Previous Page Table of Contents Next Page

6. Broad Gender Responsive Policy Framework

Differences in socio-economic factors alone do not explain differences in poverty between FHHs and others implying a need for gender-specific interventions.

Research results indicate that gender-specific interventions are warranted to ensure equality of development in Viet Nam. Gender differences are apparent in socio-economic conditions such as education, employment and income. There are also interactions between socio-geographic attributes and sex of household head, on living conditions. Gender differences and the effect of these characteristics on poverty need to be considered in developing poverty reduction policies.

It appears that both demand and supply factors are affecting gender differences in socio-economic outcomes, requiring a mix of policies to overcome them.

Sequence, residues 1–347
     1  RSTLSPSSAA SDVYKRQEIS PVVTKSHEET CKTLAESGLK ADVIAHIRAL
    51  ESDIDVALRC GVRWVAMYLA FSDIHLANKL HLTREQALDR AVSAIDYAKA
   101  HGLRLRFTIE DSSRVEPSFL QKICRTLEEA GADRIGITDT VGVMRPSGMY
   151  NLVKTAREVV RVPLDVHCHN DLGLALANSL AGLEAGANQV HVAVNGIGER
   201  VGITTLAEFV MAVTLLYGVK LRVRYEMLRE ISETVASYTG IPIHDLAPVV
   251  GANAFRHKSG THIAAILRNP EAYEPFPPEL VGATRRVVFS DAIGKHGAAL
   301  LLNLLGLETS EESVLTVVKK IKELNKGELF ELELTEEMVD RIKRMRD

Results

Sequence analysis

Analysis distinguishing between demand and supply factors is important because it will determine the design of public policy. If market conditions and the institutional context within which individuals make decisions are found to be the main sources of unequal outcomes, then policy needs to focus on modifying these "supply side" factors. If on the other hand, inequality is traced to the decisions made by individuals, possibly due to gender-based differences in preferences, traditional attitudes to gender roles, access to assets and control over income, then the primary emphasis of policy should be on the "demand side". Gender differences in educational enrolments, employment and access to resources identified in this report most probably result from a combination of demand and supply factors, so a mixed policy may be required.